As for Level IIs, I use just a digital camera along with my flashlight, mirror and tape rule.

    When you take the NCI course, your eyes will be opened. For instance, you will learn of a phenomenon where an appliance can continue to fire and vent out the base of the unit while a high draft condition draws air into the draft hood giving a false sense of "good draft". Yes, I drill a hole in a CAT I vent because it is under negative vent pressure so room air will be entrained in. I snap a metallic button over the hole.

    There are many variations of methods for testing the function of combustion appliances and nobody can agree with the other guy but very few are based upon actual field experience of what works. The NCI methods are. For instance, we can show you how providing code approved makeup air vents can lead to CO exposure. A mirror is not quantitative but merely demonstrates moisture from flue gases condensing on the mirror if it is held in the right place. These tests don't mention the need to hold that mirror 360 degrees around the draft hood because there's no telling to which side it may spill under what conditions. Same for an open flame or smoke. I've seen dilution air being entrained right under a hood while flue gases were spilling right under that blanket of dilution air. If the spillage is to certain sides, it may not melt the plastic rings around the water pipes.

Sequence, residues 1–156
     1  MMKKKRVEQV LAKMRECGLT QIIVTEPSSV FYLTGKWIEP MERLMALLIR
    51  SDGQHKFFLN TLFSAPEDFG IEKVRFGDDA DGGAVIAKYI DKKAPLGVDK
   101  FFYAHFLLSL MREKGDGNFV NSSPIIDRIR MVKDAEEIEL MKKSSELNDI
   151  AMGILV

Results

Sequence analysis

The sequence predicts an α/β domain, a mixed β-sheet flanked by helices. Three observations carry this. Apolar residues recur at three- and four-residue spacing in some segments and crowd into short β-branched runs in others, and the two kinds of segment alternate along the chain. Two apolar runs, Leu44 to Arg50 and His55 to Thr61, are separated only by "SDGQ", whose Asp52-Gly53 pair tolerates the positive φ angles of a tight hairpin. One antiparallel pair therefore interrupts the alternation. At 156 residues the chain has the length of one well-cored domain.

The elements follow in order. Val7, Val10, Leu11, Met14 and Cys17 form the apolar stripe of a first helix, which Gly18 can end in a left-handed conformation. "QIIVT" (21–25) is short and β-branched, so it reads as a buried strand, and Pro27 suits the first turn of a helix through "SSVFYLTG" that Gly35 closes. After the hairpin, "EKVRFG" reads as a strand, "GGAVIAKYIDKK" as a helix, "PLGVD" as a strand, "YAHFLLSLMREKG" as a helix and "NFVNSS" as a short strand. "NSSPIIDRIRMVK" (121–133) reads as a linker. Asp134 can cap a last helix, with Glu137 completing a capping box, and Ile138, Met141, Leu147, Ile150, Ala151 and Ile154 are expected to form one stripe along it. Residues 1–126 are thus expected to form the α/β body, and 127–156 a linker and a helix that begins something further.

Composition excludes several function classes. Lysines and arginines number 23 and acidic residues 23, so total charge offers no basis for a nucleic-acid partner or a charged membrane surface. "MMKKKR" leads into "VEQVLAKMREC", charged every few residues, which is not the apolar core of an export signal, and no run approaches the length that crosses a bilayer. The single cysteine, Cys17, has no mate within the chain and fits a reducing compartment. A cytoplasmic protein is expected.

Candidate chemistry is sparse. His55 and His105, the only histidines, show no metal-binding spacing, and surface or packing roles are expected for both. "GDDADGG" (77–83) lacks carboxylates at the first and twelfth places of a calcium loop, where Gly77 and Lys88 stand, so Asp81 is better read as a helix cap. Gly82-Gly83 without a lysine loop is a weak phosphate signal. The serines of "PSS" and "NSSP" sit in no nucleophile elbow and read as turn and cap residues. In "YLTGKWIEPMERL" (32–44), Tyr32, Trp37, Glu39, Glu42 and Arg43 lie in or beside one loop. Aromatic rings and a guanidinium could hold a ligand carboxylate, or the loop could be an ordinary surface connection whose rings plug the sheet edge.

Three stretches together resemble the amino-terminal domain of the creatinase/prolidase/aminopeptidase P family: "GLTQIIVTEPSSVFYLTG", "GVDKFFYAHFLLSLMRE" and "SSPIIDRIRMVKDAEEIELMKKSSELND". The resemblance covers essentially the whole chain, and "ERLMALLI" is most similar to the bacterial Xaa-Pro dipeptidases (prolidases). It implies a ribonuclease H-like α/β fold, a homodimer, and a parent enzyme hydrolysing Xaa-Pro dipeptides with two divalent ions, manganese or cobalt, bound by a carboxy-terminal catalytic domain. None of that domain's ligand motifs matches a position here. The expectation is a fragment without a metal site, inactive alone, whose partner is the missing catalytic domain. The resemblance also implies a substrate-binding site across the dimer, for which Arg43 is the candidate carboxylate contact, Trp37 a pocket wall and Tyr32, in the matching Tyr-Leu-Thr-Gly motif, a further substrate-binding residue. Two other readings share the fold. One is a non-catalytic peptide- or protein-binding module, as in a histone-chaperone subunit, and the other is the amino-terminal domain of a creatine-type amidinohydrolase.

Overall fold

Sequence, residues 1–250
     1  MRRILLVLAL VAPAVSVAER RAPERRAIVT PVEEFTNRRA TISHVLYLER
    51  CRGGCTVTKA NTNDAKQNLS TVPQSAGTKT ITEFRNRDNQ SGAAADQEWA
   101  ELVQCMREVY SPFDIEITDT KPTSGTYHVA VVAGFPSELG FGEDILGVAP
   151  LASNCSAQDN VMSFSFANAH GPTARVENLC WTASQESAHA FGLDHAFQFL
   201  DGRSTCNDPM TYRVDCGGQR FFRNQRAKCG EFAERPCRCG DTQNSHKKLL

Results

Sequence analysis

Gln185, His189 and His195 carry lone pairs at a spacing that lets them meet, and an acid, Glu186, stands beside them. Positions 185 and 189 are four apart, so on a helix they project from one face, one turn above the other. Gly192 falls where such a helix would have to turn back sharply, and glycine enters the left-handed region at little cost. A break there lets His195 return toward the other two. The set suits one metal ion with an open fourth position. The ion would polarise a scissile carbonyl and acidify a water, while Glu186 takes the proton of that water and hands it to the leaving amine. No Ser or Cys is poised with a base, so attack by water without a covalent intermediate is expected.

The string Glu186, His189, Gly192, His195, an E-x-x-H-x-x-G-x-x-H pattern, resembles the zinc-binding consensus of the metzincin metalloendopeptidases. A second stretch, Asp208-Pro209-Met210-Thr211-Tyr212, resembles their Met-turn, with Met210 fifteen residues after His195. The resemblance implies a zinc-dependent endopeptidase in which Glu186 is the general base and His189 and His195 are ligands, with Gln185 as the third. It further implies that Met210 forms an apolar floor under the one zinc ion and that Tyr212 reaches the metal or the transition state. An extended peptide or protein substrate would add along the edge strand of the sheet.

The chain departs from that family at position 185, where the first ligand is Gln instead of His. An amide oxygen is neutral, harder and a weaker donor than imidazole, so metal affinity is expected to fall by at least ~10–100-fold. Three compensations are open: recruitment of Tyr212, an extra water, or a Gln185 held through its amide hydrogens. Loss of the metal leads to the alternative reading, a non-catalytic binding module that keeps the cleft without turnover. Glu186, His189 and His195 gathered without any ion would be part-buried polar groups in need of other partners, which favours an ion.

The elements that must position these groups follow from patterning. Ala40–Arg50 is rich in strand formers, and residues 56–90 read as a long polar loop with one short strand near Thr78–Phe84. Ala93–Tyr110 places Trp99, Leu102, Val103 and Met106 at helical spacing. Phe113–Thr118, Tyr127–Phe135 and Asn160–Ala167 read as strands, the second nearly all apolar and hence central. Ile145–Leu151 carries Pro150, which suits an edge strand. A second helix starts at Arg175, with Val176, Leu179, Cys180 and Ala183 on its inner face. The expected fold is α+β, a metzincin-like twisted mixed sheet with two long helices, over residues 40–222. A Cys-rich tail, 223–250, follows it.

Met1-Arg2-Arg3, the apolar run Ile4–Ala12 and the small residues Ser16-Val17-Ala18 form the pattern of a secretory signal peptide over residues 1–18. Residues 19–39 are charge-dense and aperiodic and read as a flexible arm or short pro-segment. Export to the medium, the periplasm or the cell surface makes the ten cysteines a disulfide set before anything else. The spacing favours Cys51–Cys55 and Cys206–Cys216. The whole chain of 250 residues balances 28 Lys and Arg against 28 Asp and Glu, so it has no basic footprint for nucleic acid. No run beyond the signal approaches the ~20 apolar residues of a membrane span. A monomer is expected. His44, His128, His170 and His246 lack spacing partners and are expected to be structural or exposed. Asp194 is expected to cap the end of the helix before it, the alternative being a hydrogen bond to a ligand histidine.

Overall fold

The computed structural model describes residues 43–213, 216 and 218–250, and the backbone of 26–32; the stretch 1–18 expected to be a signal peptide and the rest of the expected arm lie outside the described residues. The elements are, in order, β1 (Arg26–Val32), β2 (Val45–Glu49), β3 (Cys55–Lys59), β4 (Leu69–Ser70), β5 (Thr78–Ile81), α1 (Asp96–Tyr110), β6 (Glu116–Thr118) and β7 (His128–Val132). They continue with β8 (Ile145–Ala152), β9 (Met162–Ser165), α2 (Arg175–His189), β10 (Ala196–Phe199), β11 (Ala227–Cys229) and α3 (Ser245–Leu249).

I realize you're quoting from what seem to be reputable sources but what David and I are saying is those methods do not work, are not reliable and can give a false sense of security.

    I acknowledge your opinion about triggering a level II based upon that one photo. If I was standing there and saw some other signs such as discoloration of the top of the WH or a soot trail at the TPR valve port, I would have a stronger case but I ain't there. What I can see is an improperly installed B-vent connector that I know from experience most probably has resulted in the inner aluminum liner pinching inwards like daisy petals thanks to those screws. You can inspect that can call it part of a Level I inspection but I know from experience a level II would be appropriate. Besides, if this is for a real estate sale or transfer, it should get a level II anyway. A quick peek at the rest of the vent connector would probably reveal more defects that together would more certainly justify the level II.

    Relying on a UL listed CO alarm to protect you is about like relying on a Jiffy Pop popcorn container to alert me when my building is on fire. Too little too late.

    Take care,

    Keep the fire in the fireplace.